Yankees offense good and lucky

TORONTO -- When Joe Girardi said the New York Yankees offense might have to manufacture some runs this season, I doubt this is what he had in mind.

Still, he and the Yankees will take the two runs the Toronto Blue Jays handed them in the 11th inning on Saturday to provide the difference in the Yankees' 5-3 win at the Rogers Centre.

After getting nearly flawless starting pitching from Hiroki Kuroda, and what looked like just enough offense out of Vernon Wells (home run) and Kevin Youkilis (two-run single), the Yankees needed some luck to pull this one out after the normally reliable David Robertson imploded in the eighth inning.

What happened was a confluence of events -- singles by Wells and Francisco Cervelli to start the 11th, a good bunt by Ichiro Suzuki and a bad decision by Blue Jays reliever Aaron Loup, who chose to throw the ball to third to get the lead runner -- only there was no one to take the throw since third baseman Brett Lawrie had charged on the play. All of that combined to give the Yankees two unearned runs that turned out to be the game winners.

"I was shocked," Wells said of Loup's decision. "But you know what? You get in the moment, and you make an aggressive play like that, and sometimes it works out. You look great when it works out, and bad when you don't."

Robertson, watching from the dugout, thought that Blue Jays catcher J.P. Arencibia had signaled for Loup to go to third.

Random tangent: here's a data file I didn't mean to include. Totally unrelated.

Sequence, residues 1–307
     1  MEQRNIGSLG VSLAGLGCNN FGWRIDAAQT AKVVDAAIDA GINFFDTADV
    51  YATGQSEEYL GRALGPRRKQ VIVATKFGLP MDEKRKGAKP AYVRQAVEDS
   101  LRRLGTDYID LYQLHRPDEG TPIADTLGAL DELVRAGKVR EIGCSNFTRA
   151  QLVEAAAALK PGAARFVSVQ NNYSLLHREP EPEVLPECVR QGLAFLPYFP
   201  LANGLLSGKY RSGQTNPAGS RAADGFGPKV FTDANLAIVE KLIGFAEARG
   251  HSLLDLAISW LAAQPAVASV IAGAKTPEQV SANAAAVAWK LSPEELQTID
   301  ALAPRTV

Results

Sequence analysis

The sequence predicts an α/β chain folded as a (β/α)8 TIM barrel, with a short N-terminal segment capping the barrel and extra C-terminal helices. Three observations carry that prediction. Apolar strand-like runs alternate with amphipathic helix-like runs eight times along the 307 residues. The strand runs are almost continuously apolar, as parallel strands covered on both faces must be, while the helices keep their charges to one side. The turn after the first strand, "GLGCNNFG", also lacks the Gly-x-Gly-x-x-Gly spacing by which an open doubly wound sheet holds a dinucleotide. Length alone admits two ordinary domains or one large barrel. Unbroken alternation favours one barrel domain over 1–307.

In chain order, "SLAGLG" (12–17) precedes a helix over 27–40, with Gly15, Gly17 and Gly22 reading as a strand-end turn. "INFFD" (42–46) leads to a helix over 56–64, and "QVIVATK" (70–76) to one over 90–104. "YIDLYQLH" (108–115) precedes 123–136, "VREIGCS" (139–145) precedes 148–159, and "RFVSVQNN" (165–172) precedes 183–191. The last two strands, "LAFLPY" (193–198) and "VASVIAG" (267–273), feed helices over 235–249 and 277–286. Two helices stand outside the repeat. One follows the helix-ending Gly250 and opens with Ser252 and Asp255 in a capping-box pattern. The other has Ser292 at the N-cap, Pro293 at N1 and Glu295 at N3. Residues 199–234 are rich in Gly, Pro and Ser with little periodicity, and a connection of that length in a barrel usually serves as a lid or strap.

"That’s a tough play," Girardi said. "But our guys are seizing opportunities, and you have to do that in the game of baseball."

The fact is, the Yankees got more than one break on Saturday, and Lawrie figured into both of them. In the fifth inning, Youkilis lined a ball seemingly right at him, only to see it sail into left field for a two-run single. Girardi thought Lawrie might have lost the ball in the sea of white shirts in the stands behind home plate.

"He said it knuckled or something," Youkilis said. "I don’t know. I was ready to run to the dugout and break my helmet if they caught another ball like that."

Those two plays accounted for four of the Yankees' five runs and prevented what might have been a dispiriting loss after Robertson's two-thirds of an inning, in which he was charged with two runs and allowed a third inherited runner to score.

"It was really nice," Robertson said of the improbable comeback. "I was pretty low there coming out of that game. I can smile about it now, but I was pretty angry with myself earlier."